The menu was presented to us and it had a huge range of food. It was clear that when they said Vietnamese/Thai/Chinese fusion, they meant it, but they weren’t horrific Frankenstinian dishes: ingredients combined that have no business being together, all combined by a gluey, corn syrup-rich brown sauce. They brought a cold soup in a Chinese teacup. I tasted rice wine vinegar, soy sauce, fish sauce, cilantro and cucumbers. It was a tasty soup and it set the tone for the rest of the meal. To start we opted for the nem (Vietnamese fried spring rolls). For our main courses we got the braised beef cheek in red curry and the stir-fried rice noodles with lobster, iberico pork, squid and chanterelles.

Actually tasted quite similar to a sauce I make at home.

Now I’ve been looking for authentic Vietnamese food since I moved to the States many, many years ago, and I have yet to find it (despite living in New York), but the nem I had at Sudestada were some of the best I’ve had. They were fried to perfection. The filling was the right combination of meat (rabbit and shrimp I think) and mushroom, giving it a very specific taste that I can only describe as the essence of nem. The best part however was what it came with: a lettuce leaf to wrap, fresh mint, cilantro, and basil, bean sprouts, pickled vegetables, and the best part of all, nuoc cham (delicious, delicious fish sauce). These things are essential to creating the perfect nem, wrap all ingredients in lettuce leaf with the nem and dip in the fish sauce. I was in pure bliss. All the flavors of Vietnam came rushing back.

This is what heaven looks like, wrapped in a lettuce leaf with a big bite taken out of it.

With Vietnam now out of the way, we turned to our respective Thai and Chinese influenced dishes. My noodles were fairly bland, but the lobster was nice and the chanterelles were earthy and delicious. The noodles could have used some more kick, some chili peppers or something to just boost all the flavors. The whole thing ate heavy, but the finish was light and I didn’t feel overly stuffed.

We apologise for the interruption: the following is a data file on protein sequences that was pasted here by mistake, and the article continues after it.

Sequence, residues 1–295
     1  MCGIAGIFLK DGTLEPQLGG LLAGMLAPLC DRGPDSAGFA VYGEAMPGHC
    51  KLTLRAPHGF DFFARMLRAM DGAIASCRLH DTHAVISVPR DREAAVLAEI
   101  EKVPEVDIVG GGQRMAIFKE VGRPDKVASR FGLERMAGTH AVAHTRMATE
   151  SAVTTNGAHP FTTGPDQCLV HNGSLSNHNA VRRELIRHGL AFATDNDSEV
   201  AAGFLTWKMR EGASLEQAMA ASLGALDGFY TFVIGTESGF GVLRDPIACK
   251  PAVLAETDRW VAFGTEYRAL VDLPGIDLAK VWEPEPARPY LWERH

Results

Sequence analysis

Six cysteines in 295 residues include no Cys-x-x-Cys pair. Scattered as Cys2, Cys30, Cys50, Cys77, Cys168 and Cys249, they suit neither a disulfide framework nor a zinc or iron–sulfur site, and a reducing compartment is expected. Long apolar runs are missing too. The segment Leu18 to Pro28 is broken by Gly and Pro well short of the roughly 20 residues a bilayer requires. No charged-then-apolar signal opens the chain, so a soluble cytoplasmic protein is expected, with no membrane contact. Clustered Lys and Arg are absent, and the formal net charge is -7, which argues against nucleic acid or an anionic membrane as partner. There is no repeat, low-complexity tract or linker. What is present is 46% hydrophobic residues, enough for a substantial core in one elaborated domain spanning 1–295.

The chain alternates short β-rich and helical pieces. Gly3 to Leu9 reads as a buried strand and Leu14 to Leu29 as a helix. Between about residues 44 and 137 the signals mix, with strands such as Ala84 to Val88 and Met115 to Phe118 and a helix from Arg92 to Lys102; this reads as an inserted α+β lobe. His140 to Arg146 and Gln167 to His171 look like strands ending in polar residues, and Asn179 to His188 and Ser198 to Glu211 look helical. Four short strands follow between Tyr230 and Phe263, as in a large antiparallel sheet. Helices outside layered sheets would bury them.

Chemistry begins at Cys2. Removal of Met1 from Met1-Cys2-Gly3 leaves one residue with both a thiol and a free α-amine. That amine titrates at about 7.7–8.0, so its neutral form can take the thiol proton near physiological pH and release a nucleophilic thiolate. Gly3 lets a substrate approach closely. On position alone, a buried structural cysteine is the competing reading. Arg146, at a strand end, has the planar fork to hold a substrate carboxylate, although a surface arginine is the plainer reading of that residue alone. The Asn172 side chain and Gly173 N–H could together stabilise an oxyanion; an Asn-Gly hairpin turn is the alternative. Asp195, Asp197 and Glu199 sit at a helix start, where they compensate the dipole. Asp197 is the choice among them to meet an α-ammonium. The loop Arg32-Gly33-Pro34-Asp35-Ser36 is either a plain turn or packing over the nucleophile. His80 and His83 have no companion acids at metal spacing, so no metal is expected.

Good, but needed more overall flavor.

My girlfriend got the beef cheek, taking us from Madrid to Thai in a hurry. The flavors were absolutely explosive. The heat from the strips of chilies burned in a lovely way (since Spain seems to be allergic to spiciness). The dish was rich from the coconut milk and the lemongrass and galangal (slightly spicier, more ferocious version of ginger) lent brightness and very Thai flavors to the curry. The cheek itself was braised perfectly, fork tender and done in such a way that the fat was deliciously sticky and flavorful. It was all we could do to not dive into the bowl and lick up every last drop of the amazing curry.

One of the best things I've had since being here.

Final Grade: A, €63,00, while not cheap it was completely worth the price. The noodles fell a little flat, but the nem and curry were absolute knockouts. Next visit: the chef’s tasting menu.

Monday, November 7, 2011


About three weeks after I first got to Spain, I watched an episode of one of my all time favorite shows, Bizarre Foods with Andrew Zimmern, where he goes to Spain. There I saw Zimmern travel through a very touristy neighborhood in Madrid called Sol and devour various bizarre and not so bizarre foods. As the camera panned around one tapas bar, it looked rather familiar. When they showed the shoes nailed to the wall I knew exactly where it was.

Zapateria. The shoe store. I had been there my second weekend in Madrid and had loved how small and intimate the place was as well as how everyone was incredibly friendly. I had wanted to go back since the last time I was there and this video gave me some suggestions of what to eat.

I decided to follow Zimmern's selection: crispy pig's ears, snails and bull tail. Unfortunately the bull tail was not available when I went so I was fortunate enough to have a dinner consisting of cartilage and gastropods (new name for blog?)

The ears came first and were plopped in front of us on a silver platter, literally. They were cut into small manageable pieces and were cooked with some sort of red sauce. The ears were cooked on the grill and pressed down for a while, thus formed a crispy exterior to some of the bits. The texture was definitely a bit funky. I likened it to the crunch of the pickled carrot one finds in banh mi (Vietnamese sandwich), but it was definitely in its own class as far as bizarre textures. The gelatinous coating in my mouth spoke for the cartilage, which had clearly broken down a little bit when cooked. Flavor wise it was porky and slightly reminiscent of bacon, albeit not as smokey. The real kicker were the pieces of ear that still had small hairs on them, threw me off a little bit, but with those pieces kicked aside, I plunged right back in.